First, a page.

Country water actions are stories that showcase water reforms undertaken by individuals,communities, organizations, and governments in Asia-Pacific countries and elsewhere.
Country Water ActionsBangladesh: Floodwaters Rising
By Eric van Zant
In Bangladesh, flood-warypeasants make a verbal distinctionbetween a routine monsoon(borsha) and a fullscale flood(bonnya). That's because eachyear, 22% or more of the country'sland area is covered by water.Indeed, the country's farmers areused to floods.Problems arise when the annualevent overwhelms expectations, asit did in July- August 2004. Thewaters have been receding, butthose affected face months of foodshortages and danger of disease and need sustained short-term aid.Longer-term support must focus on more innovativeprograms to improve flood preparedness.The August floods covered about 38% of the country, killedsome 800 people, and directly affected 34 million out of thecountry's 140 million people.As waters peaked, normal life and businesses were crippledas boats replaced cars, and millions fled for shelters, orsimply climbed upon their rooftops in an effort to protecttheir belongings.As the waters recede, the postflood period brings perhapsthe greater danger. Destroyed crops and still-flooded landshave left many of the poorest with no income, no shelter,and no assets, and vulnerable to disease. The story hasmoved off the front pages, but a quiet disaster continues.Many millions of people will have to be fed for months.The severity of the disaster prompted the United Nations toappeal for some $210 million in further aid. Damages areestimated to be sizable. The worst flood of the last centurywas in 1998, when 68% of the country was covered formonths, also causing billions in damages.
THE GEOGRAPHY OF A FLOOD
Bangladesh is a huge lowland sponge, which receivesdrainage from an area twelve times its own size. About80% of its rainfall comes in the monsoon between May andOctober.Most of the country lies within the broad alluvial deltaformed by the Ganges, Brahmaputra, and Meghna rivers,which drain a 1.75 million square-kilometer area in People'sRepublic of China, India, Myanmar, and Nepal. Bangladesh depends on the annual flooding. The economy of Bangladesh is largely agricultural, and together the watersof the Ganges and Brahmaputra carry about 1,185 milliontons of sediment. The waters regenerate soil and increaseagricultural productivity, replenish groundwater, andrejuvenate wetlands for fish and aquatic plants.But the sediment also clogs rivers and drainage channels,impeding flow and worsening the floods.The Asian Development Bank (ADB) has given substantialassistance to Bangladesh in response to previous majorfloods. After 1998, it provided $104 million in emergencyfinancial assistance. It was used to restore water supply andsanitation; and repair schools and training centers, roadsand bridges, flood and water control structures, rural roadsand markets, railways, and urban infrastructure.After the floods in 2000 in southwest Bangladesh, ADBprovided $67.8 million for rehabilitation of vital economicand social infrastructure.The challenge is to develop innovative flood managementthat moves away from "crisis management" toward long-term management strategies that recognize the benefits of floods.Damage control needs to focus onflood preparedness rather thanprevention, says Dr. HamidurRahman Khan, a flood expert.In the future, he says, controllingthe annual flood hinges on solvingthe problem of riverbank erosionalong the Brahmaputra-JamunaRiver.But no solution is yet in sight. Floodpreparedness is the answer now.This includes pre-emergencyactivities, such as flood forecasting,flood warning, evacuation and sheltering, flood fighting, andorganizing emergency response.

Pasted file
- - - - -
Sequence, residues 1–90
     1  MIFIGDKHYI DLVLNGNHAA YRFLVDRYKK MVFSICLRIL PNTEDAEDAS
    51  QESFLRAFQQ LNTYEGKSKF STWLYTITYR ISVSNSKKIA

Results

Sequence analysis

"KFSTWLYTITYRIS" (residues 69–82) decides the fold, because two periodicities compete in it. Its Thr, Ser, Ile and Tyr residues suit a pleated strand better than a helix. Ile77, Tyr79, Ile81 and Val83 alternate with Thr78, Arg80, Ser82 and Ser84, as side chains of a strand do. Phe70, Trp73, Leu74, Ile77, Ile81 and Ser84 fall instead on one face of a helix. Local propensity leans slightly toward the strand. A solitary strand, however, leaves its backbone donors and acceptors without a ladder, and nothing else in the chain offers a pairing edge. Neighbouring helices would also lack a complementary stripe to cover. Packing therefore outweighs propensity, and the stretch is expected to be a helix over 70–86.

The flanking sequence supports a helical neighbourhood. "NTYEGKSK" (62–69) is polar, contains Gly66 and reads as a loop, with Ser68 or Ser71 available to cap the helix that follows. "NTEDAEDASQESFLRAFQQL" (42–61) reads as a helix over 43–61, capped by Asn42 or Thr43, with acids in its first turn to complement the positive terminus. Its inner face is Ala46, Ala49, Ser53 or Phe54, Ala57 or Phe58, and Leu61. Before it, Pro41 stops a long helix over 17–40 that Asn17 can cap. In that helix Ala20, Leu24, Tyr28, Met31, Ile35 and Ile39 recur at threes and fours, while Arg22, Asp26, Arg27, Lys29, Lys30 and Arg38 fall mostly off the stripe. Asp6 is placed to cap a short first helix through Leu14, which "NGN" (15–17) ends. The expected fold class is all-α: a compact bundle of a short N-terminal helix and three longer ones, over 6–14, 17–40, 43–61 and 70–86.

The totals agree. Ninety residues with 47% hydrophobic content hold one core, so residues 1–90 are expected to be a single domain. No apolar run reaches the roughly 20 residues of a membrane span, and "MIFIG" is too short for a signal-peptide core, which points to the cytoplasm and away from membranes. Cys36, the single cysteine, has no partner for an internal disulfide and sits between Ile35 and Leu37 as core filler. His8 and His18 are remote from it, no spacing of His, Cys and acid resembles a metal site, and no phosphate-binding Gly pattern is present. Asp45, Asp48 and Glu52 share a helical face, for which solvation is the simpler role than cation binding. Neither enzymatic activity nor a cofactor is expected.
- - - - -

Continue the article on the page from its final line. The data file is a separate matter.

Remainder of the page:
Funding agencies say improved early warning systems havealready helped reduce the numbers of deaths from naturaldisasters in Bangladesh.Nonstructural measures are needed, such as furthereducation and training of local communities to bettermanage flooding effects. This could include planting treesalong embankments, constructing earth platforms close toflood-prone villages, or developing elevated houses. Othermethods include